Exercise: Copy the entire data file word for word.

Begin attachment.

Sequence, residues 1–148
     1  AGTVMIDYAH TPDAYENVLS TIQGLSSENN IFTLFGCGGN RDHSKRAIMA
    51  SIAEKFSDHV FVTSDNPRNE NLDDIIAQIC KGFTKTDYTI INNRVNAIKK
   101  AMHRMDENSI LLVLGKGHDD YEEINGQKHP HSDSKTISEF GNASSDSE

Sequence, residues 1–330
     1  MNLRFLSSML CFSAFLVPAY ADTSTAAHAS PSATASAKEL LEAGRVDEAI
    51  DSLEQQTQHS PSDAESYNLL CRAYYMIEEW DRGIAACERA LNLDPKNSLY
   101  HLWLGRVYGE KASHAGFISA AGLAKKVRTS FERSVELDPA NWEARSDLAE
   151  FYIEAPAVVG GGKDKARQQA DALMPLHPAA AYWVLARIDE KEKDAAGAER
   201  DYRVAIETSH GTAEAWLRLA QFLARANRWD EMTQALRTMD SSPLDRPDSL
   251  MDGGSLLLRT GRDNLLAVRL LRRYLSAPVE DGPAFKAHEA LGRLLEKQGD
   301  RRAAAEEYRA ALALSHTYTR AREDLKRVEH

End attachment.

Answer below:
Sequence, residues 1–148
     1  AGTVMIDYAH TPDAYENVLS TIQGLSSENN IFTLFGCGGN RDHSKRAIMA
    51  SIAEKFSDHV FVTSDNPRNE NLDDIIAQIC KGFTKTDYTI INNRVNAIKK
   101  AMHRMDENSI LLVLGKGHDD YEEINGQKHP HSDSKTISEF GNASSDSE

Sequence, residues 1–330
     1  MNLRFLSSML CFSAFLVPAY ADTSTAAHAS PSATASAKEL LEAGRVDEAI
    51  DSLEQQTQHS PSDAESYNLL CRAYYMIEEW DRGIAACERA LNLDPKNSLY
   101  HLWLGRVYGE KASHAGFISA AGLAKKVRTS FERSVELDPA NWEARSDLAE
   151  FYIEAPAVVG GGKDKARQQA DALMPLHPAA AYWVLARIDE KEKDAAGAER
   201  DYRVAIETSH GTAEAWLRLA QFLARANRWD EMTQALRTMD SSPLDRPDSL
   251  MDGGSLLLRT GRDNLLAVRL LRRYLSAPVE DGPAFKAHEA LGRLLEKQGD
   301  RRAAAEEYRA ALALSHTYTR AREDLKRVEH